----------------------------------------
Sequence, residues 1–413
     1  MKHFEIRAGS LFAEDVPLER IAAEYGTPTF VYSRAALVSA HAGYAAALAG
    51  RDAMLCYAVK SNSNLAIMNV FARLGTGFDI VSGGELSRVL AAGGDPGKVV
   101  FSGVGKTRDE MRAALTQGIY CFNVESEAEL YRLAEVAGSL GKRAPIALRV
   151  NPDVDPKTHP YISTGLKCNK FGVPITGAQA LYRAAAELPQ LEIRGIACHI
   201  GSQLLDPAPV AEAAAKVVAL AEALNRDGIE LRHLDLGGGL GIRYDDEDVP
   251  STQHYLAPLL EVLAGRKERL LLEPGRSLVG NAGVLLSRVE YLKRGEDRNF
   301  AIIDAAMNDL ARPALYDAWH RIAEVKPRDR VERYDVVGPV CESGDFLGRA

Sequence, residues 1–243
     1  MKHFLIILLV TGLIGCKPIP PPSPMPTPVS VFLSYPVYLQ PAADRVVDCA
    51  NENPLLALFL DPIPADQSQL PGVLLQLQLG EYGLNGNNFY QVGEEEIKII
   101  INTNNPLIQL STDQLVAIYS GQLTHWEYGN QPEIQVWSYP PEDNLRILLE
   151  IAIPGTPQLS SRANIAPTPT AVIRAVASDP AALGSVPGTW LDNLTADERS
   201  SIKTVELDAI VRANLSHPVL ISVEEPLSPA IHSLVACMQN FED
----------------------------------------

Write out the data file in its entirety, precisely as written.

Sequence, residues 1–413
     1  MKHFEIRAGS LFAEDVPLER IAAEYGTPTF VYSRAALVSA HAGYAAALAG
    51  RDAMLCYAVK SNSNLAIMNV FARLGTGFDI VSGGELSRVL AAGGDPGKVV
   101  FSGVGKTRDE MRAALTQGIY CFNVESEAEL YRLAEVAGSL GKRAPIALRV
   151  NPDVDPKTHP YISTGLKCNK FGVPITGAQA LYRAAAELPQ LEIRGIACHI
   201  GSQLLDPAPV AEAAAKVVAL AEALNRDGIE LRHLDLGGGL GIRYDDEDVP
   251  STQHYLAPLL EVLAGRKERL LLEPGRSLVG NAGVLLSRVE YLKRGEDRNF
   301  AIIDAAMNDL ARPALYDAWH RIAEVKPRDR VERYDVVGPV CESGDFLGRA

Sequence, residues 1–243
     1  MKHFLIILLV TGLIGCKPIP PPSPMPTPVS VFLSYPVYLQ PAADRVVDCA
    51  NENPLLALFL DPIPADQSQL PGVLLQLQLG EYGLNGNNFY QVGEEEIKII
   101  INTNNPLIQL STDQLVAIYS GQLTHWEYGN QPEIQVWSYP PEDNLRILLE
   151  IAIPGTPQLS SRANIAPTPT AVIRAVASDP AALGSVPGTW LDNLTADERS
   201  SIKTVELDAI VRANLSHPVL ISVEEPLSPA IHSLVACMQN FED